It's often said that we are born alone, and die alone, but the idea that we also mourn alone is made moving and convincing in John Cameron Mitchell's "Rabbit Hole," a film of rather startling complexity and emotional truth. Starring Nicole Kidman and Aaron Eckhart, this adaptation of David Lindsay-Abaire's Pulitzer-winning play is anything but an immersion in the bleak and tragic. Its two principal characters so valiantly resist the cosmic truths that fate has forced upon them that they are near-comic, nobly absurd and enormously touching.
Based on the playwright's screenplay, "Rabbit Hole" doesn't give us the catastrophe at story's center, just its aftermath. There's definitely something amiss with Becca (Kidman) and Howie (Eckhart) so intent on establishing domestic normality that their entire universe screams dysfunction.
As we learn through Lindsay-Abaire's seductive manner of doling out information, Becca and Howie are eight months into their grief over their 4-year-old son, who was hit by a car. The idea of mixing grief with time, as if loss had a expiration date, is one of Lindsay-Abaire's more trenchant gestures.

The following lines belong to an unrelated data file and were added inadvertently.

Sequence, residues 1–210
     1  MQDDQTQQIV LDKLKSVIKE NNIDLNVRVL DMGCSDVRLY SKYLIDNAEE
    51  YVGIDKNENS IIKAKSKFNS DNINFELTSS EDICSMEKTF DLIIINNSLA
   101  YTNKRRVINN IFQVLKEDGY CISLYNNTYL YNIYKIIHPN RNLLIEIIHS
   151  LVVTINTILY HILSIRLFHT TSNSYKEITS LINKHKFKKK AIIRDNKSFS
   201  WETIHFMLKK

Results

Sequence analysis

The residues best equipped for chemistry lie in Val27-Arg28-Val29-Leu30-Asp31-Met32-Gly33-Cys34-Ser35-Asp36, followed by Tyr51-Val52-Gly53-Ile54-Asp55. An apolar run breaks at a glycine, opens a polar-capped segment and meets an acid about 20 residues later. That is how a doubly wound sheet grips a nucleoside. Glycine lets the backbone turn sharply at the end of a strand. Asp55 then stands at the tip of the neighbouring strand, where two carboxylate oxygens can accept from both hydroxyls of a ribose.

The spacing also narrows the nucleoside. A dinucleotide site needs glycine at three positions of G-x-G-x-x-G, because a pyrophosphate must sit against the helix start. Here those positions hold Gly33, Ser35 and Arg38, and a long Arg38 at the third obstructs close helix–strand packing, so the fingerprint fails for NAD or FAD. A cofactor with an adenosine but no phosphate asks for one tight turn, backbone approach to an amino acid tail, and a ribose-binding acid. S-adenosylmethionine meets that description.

Ultimately, Becca and Howie seek their individual courses of action. He, via a perilous friendship with a fellow grief-support group member (Sandra Oh); she, through an alarming, but wrenching, friendship with the young man (Miles Teller) who ran down her son.
Kidman does some of her best work ever. But Eckhart certainly does his part in creating a couple poised at the edge of a slow-motion disaster whose best intentions simply aren't enough to get them past the pain.